• Join over 1.2 million students every month
  • Accelerate your learning by 29%
  • Unlimited access from just £6.99 per month

Evaluate a chosen perspective relating to child development. Compare this perspective with others and apply them to a chosen childhood setting.

Extracts from this document...


Evaluate a chosen perspective relating to child development. Compare this perspective with others and apply them to a chosen childhood setting. Psychology is the science of behaviour. It looks at thought, feelings and images. Biological, environmental and psychological factors are elements of behaviour. (See appendix 1) The goals of psychology are to understand, describe, control and predict certain behaviour in particular circumstances. Biological, psychodynamic, behavioural, cognitive, humanistic and sociocultural are perspectives on behaviour. The humanistic approach is known as the "third force" founded by Abraham Maslow. The first and second are behaviourism, and psychoanalysis, derived from the early work of Sigmund Freud. Humanism states the most important aspect of human psychology is how they achieve their sense of self and actualise their potential. It has four main concepts: responsibility, the 'here and now', phenomenology, and personal growth. I will be focusing on the humanistic approach in relation to a primary school setting. Comparing this perspective with others. Abraham Maslow (1908-1970), a key theorist of the humanistic approach believes that human functioning is holistic, i.e. looking at the whole self. The needs and motivation of a person is reflected upon individual personal experiences. Maslow stated: "a good life is a process, not a state of being". He is known for his 'Hierarchy of Needs'. ...read more.


Neo humanism promotes continuity in relation to regional cultures. Neo-humanism proposes that creative experiences are important in supportive learning of culture. Each classroom has its own learning culture that is a result of the relationship between the teacher and the child. http://nhe.gurukul.edu/trans.html. Like neo-humanism the sociocultural perspective looks at the manner in which culture is transmitted to its members and the similarities and differences between children within the same culture. It emphasises individualism and self identity. For example, two children from an Asian culture can be very different in their personalities. (See Appendix 3) http://www.personal.psu.edu/faculty/r/a/rah25/Assets/PSY002/Chap001_Notes.ppt Socioculturalists believe that child's growth is emphasised by their values, goals and expectations of their culture. Developmental abilities may differ for children in different cultures. http://encrta.msn.com/encyclopedia_761557692_2/Child_Development.html In psychology 'gender' is a term usually referred to in a social and cultural aspect. In contrast the term 'sex' is usually referred to in a biological sense, whereas societies stereotype in terms of gender. Practitioners and peers treat girls differently to that of boys. Children's' knowledge about sex and gender role expectations develop quite early. This usually occurs under the age of three. Part of gender role development is that girls' and boys internalise sex stereotypes. Schools play a major part in gender appropriate behaviour and appearance as well as the media. ...read more.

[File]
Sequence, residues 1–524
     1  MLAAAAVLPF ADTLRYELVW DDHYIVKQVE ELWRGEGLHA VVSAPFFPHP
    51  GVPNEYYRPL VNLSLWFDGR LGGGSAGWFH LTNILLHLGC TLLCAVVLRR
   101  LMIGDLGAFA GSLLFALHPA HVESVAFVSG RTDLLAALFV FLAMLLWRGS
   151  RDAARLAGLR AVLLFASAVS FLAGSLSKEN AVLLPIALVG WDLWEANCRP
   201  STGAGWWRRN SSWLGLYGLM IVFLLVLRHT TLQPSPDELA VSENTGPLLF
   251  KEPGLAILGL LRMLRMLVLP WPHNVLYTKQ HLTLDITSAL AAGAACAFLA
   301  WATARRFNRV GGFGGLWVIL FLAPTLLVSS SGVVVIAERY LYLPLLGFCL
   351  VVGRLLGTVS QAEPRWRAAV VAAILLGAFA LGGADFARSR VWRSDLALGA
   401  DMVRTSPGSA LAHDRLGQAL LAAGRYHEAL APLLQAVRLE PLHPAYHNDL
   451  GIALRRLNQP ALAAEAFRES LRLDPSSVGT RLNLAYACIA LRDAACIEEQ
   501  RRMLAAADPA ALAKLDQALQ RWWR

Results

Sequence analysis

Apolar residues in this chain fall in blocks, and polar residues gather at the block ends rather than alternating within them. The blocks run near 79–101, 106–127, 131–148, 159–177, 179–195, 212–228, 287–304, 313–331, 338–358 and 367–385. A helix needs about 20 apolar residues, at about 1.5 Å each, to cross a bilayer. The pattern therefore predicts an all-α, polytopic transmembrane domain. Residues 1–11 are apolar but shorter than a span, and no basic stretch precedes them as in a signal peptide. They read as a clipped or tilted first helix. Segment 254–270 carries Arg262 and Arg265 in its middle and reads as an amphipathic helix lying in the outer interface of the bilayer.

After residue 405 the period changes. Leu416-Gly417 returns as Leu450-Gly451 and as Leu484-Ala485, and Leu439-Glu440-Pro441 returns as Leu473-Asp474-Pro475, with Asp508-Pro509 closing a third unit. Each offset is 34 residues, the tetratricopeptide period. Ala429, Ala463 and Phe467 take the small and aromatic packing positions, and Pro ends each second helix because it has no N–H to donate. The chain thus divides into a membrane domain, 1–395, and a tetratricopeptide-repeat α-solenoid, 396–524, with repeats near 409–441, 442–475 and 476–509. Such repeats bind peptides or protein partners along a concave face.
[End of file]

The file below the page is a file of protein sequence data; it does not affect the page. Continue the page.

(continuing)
Jerome Bruner (born 1915) and Lev Vygotsky (1896-1934) saw the child as an apprentice. They believe that 'lone' learning is not enough and the child should be helped through peers and adults. The child is active in learning as in the humanistic approach. In relation to the nature/nurture debate the psychodynamic and cognitive approaches compare with humanism. They all believe that behaviour is a result from nature and nurture. They all state that behaviour is both an interaction between the person and environment and that we have inborn motive and drive. However the behaviourist approach is against the humanistic approach. Behaviourism states it is nurture that effects our behaviour. http://www.learningmatters.co.uk/sampleChapters/pdfs/introductory%20chap%202.pdf Poverty can have an effect on a child's psychological development and their personal growth. Bryan Egeland, Alan Sroufe and Andrew Collins of the Institute of Child Development are researching a parent-child project. It is a longitudinal study that looks at poverty as a risk factor in the development of children. A way of reducing negative effects of poverty is a stable early relationship between the parent and child. This promotes the child's personal growth. http://education.umn.edu/research/ResearchWorks/Parent-Child.htm In conclusion all theories have their advantages and limitations. For example, Piaget's theory is helpful in explaining a child's cognitive development. Whereas Banduras cognitive social learning theory helps explain a child's social development. The understanding of normal child development detects difficulties in the emotional, physical, social and cognitive. This enables teachers to prevent and treat these problems in the school setting. http://web.mala.bc.ca/education/Courses/EDPB503/THEORETICAL_PERSPECTIVES_RUBRIC. ...read more.